Authorities have banned army and police commanders from making statements to the press about the situation in southern Serbia, dpa reported on 11 March, quoting Tanjug. Several top officers have recently made little secret of their desire to punish "Albanian extremists" and take the "first step" toward a return of Serbian forces to Kosova. PM

SERBIAN PRIME MINISTER UNHAPPY WITH NATO OFFER...

Speaking to reporters in Belgrade on 11 March, Zoran Djindjic joined other Serbian critics of NATO's offer to readmit Serbian forces to a part of the border safety zone where Kosova, Serbia, and Macedonia come together (see "RFE/RL Newsline," 9 March 2001). "Our forces will be there in the crossfire. On the one side, we will have Albanians from Kosovo, and on the other side, we will have Albanians from Macedonia. Both are extremists, and we think this problem could be called a hot potato. This hot potato should be taken by KFOR and Macedonian security forces," RFE/RL reported. He added that "our interest is primarily in the part of the buffer zone around Bujanovac and Presevo," where government troops are anxious to force guerrillas out of their positions. Djindjic had just returned from a trip to Germany, where Chancellor Gerhard Schroeder and Foreign Minister Joschka Fischer assured him of Berlin's political and economic support in Serbia's transition to democracy, the "Frankfurter Allgemeine Zeitung" reported on 10 March. PM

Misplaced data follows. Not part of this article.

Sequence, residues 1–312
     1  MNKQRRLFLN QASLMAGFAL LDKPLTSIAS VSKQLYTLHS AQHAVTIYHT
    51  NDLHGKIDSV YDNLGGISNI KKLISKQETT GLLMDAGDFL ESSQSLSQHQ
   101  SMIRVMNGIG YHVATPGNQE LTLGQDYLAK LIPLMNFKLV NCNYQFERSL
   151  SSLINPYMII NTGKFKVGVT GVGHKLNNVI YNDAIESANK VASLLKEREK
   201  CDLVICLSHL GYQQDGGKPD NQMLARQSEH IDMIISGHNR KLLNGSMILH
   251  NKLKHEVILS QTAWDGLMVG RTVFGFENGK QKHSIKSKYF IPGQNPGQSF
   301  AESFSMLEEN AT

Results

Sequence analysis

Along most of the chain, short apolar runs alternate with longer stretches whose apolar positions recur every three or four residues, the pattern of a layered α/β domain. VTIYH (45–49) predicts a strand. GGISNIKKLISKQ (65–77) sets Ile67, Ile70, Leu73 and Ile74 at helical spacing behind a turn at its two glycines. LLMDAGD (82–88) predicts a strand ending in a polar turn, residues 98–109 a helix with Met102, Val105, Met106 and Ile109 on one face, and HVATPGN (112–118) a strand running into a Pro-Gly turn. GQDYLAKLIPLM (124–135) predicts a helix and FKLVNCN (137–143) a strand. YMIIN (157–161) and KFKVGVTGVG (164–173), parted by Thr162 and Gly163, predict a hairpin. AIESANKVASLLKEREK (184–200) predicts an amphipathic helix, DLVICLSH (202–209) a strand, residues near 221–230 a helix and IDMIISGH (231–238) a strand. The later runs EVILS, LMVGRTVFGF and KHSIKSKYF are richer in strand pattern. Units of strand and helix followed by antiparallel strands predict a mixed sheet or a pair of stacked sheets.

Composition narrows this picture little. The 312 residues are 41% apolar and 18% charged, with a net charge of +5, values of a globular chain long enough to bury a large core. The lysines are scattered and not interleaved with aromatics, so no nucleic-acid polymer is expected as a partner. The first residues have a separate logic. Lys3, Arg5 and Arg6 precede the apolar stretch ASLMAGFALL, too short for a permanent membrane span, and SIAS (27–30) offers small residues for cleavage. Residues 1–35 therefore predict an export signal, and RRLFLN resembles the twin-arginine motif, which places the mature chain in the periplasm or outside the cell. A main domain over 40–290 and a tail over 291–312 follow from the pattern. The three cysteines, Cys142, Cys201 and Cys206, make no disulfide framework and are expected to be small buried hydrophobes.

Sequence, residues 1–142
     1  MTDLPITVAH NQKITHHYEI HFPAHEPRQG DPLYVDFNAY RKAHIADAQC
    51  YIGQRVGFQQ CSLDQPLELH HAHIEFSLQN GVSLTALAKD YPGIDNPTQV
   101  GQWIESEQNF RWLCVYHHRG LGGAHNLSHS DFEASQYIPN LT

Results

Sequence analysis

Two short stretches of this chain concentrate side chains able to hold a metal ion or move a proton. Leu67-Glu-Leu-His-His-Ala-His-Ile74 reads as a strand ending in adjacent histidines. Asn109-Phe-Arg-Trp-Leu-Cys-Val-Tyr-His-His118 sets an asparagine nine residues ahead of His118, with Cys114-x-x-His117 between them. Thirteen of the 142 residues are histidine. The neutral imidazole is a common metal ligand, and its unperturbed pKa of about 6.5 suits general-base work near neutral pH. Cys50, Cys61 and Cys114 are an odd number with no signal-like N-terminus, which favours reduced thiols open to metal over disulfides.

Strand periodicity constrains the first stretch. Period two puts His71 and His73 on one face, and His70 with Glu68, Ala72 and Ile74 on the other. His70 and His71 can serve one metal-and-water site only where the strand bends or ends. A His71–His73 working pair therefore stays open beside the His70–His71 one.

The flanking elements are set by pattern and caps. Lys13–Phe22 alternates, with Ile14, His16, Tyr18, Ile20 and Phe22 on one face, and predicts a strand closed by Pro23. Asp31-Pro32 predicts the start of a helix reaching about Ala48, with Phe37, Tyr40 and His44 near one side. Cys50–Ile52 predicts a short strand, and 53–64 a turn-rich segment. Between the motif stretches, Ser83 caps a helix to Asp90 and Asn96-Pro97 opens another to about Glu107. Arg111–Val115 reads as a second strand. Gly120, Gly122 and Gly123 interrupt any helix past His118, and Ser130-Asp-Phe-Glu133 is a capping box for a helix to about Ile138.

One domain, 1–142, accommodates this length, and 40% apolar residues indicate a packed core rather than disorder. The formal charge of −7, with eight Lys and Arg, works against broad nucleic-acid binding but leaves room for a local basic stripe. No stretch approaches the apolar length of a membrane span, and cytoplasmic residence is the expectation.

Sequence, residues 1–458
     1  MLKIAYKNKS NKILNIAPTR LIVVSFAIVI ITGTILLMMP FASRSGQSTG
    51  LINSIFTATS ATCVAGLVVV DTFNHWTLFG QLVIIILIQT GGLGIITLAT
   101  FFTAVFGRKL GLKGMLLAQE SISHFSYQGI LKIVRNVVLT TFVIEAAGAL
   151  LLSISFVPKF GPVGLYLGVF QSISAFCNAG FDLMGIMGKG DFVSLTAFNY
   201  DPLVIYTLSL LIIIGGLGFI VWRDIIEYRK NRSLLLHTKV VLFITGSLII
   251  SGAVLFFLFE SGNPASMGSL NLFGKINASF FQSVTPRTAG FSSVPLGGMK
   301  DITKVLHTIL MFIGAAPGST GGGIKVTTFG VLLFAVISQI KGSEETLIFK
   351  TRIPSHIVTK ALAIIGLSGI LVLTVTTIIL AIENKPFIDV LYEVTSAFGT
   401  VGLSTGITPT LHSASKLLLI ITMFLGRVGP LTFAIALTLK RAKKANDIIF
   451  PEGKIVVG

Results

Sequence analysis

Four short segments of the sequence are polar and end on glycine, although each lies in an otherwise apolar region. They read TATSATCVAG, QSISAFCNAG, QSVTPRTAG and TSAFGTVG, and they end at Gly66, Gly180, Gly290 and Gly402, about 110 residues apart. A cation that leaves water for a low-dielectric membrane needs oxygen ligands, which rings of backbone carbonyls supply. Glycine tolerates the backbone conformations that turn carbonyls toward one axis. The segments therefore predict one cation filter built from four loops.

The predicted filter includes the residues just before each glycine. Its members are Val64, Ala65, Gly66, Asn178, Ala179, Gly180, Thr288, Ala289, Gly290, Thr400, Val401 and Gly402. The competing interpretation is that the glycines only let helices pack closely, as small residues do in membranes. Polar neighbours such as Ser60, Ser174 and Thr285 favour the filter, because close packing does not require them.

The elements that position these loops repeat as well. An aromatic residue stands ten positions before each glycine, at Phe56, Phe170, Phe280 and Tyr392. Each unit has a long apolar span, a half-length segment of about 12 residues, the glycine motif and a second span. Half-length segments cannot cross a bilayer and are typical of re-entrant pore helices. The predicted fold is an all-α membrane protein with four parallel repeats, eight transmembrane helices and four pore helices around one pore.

...WARNS NATO IT WILL 'HAVE TO FIGHT' ALBANIANS...

Prime Minister Djindjic told "Glas javnosti" of 11 March that "the international forces need to realize that they will either confront ethnic Albanian extremism or be defeated...and humiliated." He stressed that "KFOR is facing a situation in which the baby it once nursed is now beginning to bite," AP reported. He added that Belgrade is under "no illusions" about the prospects for a negotiated peace with the Albanian fighters in the Presevo Valley, adding that "they will keep resorting to pure terrorism." PM

...SAYS U.S. CONGRESSMEN 'PAID' BY ALBANIANS